Contents: Vol. I. Tribal communities of prehistoric and proto-historic times: Preface. 1. Primitive tribes of the stone age. 2. The earliest tribal settlement of Kayatha. 3. The tribal culture of Ahar. 4. The Chalcolithic tribal cultures. 5. The post-Chalcolithic tribal cultures. 6. The Megalithic tribal cultures. 7. Rock paintings of the primitive tribes.
Vol. II. Tribal communities of ancient and medieval periods: 8. Traditional history of tribal migrations. 9. Major tribes of Ancient India-I. 10. Major tribes of Ancient India-II. 11. Minor tribes of Ancient India. 12. The foreign tribes. 13. Tribal origin of the medieval Rajput dynasties of Central India. 14. The Gonds.
Vol. III. Tribal communities of modern age: 15. Tribal identity: a new concept. 16. Tribal communities of modern India. 17. Kol tribes of Central India. 18. Scattered and isolated Kolarian tribes of Central India. 19. Savars and their representatives in Madhya Pradesh. 20. Bhils and their near relatives in Madhya Pradesh. 21. Dravidian tribes of Madhya Pradesh. 22. Later Gond rulers and political unrest in the Gond regions. 23. Tribal communities in Independent India. Epilogue. Select bibliography. Index.
"Central India comprising of modern Madhya Pradesh, Chhattisgarh and adjoining regions strategically forming the heartland of our country has played a key-role in the development of historical and cultural traditions of the nation. It has been the playground of interacting political and cultural forces passing from north to south, east to west and vice versa in all ages of Indian history. Interaction led to experimentation in diverse spheres of cultural life and in this process, the tribal population migrating to this part of the country in different phases of its history as well as those inhabiting the region from the earliest times had an invaluable contribution. It may be admitted that the study of the history and culture of a nation is never complete without having a thorough knowledge of the history and cultural growth of its tribes. Keeping this in view, an attempt has been made in this work to present an exhaustive and careful study of the tribal history of Central India from the earliest times till date, and their cultural contributions and growth.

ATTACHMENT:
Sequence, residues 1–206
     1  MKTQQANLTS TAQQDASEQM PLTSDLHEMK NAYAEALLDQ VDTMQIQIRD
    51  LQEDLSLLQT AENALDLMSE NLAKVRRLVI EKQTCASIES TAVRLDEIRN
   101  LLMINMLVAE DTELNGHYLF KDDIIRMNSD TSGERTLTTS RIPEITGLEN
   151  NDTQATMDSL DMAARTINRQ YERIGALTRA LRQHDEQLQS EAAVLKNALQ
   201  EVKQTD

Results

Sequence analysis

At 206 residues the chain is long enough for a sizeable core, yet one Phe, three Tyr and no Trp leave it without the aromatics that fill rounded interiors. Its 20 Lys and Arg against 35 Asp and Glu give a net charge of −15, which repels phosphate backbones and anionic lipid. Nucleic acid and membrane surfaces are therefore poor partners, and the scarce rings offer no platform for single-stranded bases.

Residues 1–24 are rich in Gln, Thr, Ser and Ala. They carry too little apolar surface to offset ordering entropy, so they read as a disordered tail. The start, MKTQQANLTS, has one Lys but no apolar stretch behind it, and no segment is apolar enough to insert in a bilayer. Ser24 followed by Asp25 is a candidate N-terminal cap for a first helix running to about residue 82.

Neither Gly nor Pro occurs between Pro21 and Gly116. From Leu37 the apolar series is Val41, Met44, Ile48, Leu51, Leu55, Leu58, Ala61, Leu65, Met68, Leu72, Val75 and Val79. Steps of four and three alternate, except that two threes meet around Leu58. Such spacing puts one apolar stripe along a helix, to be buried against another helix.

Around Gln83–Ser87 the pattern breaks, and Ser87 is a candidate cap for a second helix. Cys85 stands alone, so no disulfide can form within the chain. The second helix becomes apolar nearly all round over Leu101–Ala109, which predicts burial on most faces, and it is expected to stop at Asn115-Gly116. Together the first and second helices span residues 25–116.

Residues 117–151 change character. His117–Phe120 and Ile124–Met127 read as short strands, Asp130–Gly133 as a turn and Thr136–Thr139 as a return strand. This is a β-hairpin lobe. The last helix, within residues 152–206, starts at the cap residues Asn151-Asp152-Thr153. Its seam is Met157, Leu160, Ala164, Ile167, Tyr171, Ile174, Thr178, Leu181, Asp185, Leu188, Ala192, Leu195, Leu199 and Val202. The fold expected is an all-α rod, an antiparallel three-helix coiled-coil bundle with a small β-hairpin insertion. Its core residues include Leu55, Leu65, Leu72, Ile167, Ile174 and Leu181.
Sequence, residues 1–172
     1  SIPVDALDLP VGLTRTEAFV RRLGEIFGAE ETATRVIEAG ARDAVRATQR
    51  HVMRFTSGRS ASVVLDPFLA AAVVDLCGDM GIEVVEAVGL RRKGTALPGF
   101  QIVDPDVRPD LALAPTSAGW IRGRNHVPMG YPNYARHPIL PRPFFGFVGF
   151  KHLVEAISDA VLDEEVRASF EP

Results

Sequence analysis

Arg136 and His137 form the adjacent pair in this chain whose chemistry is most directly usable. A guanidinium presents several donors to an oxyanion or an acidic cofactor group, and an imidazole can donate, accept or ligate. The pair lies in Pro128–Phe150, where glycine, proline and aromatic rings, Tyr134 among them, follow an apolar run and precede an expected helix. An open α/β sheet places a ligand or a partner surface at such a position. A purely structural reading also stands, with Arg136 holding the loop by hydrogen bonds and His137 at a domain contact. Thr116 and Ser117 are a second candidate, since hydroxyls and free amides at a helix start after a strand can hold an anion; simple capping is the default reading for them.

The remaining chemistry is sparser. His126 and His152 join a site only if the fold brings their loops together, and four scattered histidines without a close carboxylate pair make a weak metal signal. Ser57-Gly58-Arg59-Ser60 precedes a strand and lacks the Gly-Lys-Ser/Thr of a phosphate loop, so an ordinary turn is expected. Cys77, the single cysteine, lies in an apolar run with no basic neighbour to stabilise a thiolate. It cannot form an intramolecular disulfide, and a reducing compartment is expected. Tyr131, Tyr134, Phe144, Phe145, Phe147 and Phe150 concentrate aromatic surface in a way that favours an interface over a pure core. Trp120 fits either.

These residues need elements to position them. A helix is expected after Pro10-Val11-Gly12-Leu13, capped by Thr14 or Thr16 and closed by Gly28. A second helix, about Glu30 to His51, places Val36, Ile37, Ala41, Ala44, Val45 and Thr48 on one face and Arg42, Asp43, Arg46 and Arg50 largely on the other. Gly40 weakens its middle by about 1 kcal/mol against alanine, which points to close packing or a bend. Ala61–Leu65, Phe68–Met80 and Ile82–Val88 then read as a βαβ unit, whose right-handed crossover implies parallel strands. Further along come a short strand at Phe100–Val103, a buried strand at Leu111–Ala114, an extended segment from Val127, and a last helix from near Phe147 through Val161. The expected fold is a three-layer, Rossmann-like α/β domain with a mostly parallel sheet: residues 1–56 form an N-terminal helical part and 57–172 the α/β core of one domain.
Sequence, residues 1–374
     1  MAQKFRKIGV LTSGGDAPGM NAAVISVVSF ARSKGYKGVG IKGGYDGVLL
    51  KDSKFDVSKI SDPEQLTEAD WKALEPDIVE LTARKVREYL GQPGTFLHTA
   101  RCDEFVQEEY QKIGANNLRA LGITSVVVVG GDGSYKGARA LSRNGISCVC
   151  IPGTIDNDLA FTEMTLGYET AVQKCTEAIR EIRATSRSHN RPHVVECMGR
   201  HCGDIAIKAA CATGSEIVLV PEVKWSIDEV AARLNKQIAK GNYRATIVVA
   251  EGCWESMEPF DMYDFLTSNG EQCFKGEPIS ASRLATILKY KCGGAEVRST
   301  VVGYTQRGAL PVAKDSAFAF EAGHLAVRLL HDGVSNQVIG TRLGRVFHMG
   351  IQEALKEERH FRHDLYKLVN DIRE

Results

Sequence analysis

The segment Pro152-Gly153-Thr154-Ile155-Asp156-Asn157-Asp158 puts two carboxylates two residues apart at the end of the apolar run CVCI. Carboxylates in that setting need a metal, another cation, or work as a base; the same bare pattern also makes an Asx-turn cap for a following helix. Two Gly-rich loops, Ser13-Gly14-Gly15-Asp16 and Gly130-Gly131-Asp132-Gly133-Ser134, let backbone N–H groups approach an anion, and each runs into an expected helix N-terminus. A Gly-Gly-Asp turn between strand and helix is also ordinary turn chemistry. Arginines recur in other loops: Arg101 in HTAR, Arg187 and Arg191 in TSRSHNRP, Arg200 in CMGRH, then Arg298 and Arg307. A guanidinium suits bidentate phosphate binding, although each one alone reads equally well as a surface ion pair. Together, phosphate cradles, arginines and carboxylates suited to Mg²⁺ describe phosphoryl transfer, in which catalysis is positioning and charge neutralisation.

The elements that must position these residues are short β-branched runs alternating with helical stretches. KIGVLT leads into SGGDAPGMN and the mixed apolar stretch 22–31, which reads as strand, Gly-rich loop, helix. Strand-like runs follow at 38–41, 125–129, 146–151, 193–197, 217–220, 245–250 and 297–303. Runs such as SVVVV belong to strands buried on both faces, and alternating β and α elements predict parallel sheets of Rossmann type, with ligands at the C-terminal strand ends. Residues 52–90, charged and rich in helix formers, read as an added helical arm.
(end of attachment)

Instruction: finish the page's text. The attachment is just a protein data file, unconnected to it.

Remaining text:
"The tribal culture of India has always been interpreted as something alien from the main stream of Indian culture and thought, whereas the historical truth is otherwise. These and other allied problems have been raised in the present study in an effort to remove prevailing misconceptions about the culture of tribal communities of India in general and Central India in particular. This book in three volumes is an attempt to provide a historical background to trace cultural roots of the nation in a truly scientific spirit. The work thus fulfils a long-felt need of the scholars interested in getting a first hand, authoritative and up-to-date account of the tribal heritage of Central India at one place." (jacket)